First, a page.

As well as documenting asbestos-silica “double-dipping,” Judge Jack highlighted how asbestos and silica lawyers were shuffling plaintiffs through bogus medical exams geared toward finding injuries. Recent cases have echoed her findings: in one case last year in West Virginia, defendants said they had discovered claims filed by fictitious plaintiffs and diagnoses conducted by fictitious doctors. Others paint a portrait of even broader corruption: a Miami asbestos lawyer stole millions from his own clients, and a Pennsylvania judge was convicted of soliciting bribes from attorneys with asbestos dockets before him.
How can we fix asbestos litigation? The solution must rely on all three branches of government.
State-level tort reforms and Judge Jack’s documentation of fraud have made trouble for Trial Lawyers, Inc.’s traditional asbestos litigation business model. With judges—and prosecutors—watching more closely, the number of new filings in which plaintiffs have not developed malignancies has plummeted over 96 percent. Large asbestos law firms have had to trim hundreds from their payrolls.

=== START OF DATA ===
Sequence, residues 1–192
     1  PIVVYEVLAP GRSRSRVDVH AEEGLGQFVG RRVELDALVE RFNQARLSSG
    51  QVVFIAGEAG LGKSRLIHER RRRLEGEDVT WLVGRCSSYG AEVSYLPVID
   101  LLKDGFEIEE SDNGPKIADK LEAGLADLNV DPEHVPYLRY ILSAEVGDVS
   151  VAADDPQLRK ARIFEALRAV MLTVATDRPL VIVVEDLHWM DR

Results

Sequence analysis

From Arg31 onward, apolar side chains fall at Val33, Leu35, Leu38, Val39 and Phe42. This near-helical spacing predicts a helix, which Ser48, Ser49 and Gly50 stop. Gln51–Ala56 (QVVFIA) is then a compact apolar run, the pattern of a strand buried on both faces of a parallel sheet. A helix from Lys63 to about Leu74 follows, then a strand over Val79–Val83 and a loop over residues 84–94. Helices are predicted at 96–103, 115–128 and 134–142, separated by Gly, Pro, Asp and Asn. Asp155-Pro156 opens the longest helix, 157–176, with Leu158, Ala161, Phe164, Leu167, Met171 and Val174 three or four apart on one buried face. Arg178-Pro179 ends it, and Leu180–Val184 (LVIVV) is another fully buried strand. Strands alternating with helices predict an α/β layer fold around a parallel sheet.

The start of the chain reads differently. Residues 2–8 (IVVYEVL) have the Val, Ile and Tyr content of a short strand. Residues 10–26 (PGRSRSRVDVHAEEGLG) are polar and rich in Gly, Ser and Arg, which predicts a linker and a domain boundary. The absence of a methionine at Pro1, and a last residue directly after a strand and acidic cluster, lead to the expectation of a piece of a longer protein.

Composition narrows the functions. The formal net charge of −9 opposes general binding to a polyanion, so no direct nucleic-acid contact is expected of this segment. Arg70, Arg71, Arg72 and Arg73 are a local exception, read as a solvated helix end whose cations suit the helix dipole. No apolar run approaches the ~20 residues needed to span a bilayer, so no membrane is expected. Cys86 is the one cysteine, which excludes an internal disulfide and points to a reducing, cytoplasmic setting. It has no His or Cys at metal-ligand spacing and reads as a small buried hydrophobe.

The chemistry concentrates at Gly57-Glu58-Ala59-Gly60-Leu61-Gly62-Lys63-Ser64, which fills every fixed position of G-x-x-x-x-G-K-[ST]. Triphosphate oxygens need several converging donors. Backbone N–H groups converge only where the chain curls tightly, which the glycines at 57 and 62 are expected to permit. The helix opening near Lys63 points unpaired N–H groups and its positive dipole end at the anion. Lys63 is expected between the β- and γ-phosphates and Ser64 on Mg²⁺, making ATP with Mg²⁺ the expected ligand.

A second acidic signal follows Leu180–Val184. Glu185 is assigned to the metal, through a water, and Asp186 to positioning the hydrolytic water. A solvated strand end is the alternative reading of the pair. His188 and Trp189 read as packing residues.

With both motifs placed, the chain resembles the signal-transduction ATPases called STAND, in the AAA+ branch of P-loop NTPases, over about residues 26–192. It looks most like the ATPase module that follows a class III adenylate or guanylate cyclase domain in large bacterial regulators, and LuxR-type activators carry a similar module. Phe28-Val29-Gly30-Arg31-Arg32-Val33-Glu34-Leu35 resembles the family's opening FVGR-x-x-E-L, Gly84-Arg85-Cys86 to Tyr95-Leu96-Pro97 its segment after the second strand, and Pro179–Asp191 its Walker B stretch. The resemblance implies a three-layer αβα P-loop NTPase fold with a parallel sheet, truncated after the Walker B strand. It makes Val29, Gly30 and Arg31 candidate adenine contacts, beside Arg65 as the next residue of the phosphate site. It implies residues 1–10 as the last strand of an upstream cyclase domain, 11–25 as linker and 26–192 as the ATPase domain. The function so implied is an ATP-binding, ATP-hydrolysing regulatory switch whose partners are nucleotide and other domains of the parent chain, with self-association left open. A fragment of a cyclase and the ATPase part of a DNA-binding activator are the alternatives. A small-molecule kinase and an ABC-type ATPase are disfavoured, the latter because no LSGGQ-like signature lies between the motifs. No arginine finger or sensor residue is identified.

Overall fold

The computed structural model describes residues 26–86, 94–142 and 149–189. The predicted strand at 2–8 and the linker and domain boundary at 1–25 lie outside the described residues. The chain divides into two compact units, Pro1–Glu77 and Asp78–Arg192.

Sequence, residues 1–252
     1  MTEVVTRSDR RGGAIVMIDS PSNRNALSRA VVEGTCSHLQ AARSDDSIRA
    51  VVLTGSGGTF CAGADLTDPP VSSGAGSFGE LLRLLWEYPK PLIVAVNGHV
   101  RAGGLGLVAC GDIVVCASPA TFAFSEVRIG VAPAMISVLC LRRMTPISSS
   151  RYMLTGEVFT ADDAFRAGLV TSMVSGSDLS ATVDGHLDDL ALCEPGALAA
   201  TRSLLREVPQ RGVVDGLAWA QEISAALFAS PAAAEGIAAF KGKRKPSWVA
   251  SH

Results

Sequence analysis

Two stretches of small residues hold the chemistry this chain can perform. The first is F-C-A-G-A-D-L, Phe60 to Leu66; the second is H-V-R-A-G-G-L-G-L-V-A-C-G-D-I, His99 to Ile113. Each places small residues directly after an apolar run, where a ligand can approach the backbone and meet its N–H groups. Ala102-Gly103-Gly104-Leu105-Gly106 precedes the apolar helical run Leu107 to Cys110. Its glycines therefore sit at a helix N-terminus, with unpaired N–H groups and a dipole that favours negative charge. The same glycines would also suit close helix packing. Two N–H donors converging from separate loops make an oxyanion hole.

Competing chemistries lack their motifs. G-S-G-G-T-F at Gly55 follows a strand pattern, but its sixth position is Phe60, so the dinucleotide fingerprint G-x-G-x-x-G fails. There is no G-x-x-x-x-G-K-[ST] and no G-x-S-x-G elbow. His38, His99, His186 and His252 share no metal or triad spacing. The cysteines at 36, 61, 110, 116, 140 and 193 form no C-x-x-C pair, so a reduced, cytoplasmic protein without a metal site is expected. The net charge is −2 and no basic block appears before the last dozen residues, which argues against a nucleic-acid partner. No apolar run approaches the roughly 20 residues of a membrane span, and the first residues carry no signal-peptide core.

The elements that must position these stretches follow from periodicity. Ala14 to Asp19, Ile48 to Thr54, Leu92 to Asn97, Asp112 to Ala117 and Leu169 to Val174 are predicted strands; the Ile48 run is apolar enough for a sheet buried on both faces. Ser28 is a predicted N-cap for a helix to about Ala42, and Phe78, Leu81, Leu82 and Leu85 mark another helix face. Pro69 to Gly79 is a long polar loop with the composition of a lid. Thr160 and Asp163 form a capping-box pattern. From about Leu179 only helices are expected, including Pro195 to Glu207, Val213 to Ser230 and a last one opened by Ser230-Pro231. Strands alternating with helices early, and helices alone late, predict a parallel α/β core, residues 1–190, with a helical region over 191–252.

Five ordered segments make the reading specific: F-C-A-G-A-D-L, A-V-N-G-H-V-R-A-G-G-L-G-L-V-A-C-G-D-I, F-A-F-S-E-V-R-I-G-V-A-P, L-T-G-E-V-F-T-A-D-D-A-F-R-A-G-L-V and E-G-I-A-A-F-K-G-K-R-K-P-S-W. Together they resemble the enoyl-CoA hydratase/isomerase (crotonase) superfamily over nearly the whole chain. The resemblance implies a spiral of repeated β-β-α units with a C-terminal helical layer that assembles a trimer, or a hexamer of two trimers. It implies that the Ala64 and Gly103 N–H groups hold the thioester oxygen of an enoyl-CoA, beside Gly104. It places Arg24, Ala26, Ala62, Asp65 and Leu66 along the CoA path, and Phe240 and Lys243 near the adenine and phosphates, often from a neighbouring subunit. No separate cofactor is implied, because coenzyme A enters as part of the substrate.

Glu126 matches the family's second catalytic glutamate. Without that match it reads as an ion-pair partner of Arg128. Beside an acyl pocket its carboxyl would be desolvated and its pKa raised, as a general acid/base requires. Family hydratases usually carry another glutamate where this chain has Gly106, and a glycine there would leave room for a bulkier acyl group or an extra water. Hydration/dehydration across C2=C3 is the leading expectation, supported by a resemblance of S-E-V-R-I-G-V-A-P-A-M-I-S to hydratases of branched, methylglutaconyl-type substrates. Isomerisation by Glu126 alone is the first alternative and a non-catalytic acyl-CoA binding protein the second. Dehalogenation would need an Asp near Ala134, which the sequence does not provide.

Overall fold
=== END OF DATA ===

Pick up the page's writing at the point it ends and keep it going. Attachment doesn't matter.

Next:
Still, it would be foolish to assume that Trial Lawyers, Inc. will give up its long-running revenue stream without a fight. Lawyers have been shifting cases into new states without tort reform laws. Hundreds of thousands of claims remain outstanding. Many billions of dollars in asbestos bankruptcy trusts are still to be paid out to future claimants. Lawyers have begun developing a new double-dipping strategy in which they try to recover money from both the trusts and in court, in different jurisdictions, without any disclosure or offset. And Trial Lawyers Inc. begun setting up mass asbestos screenings to generate more plaintiffs.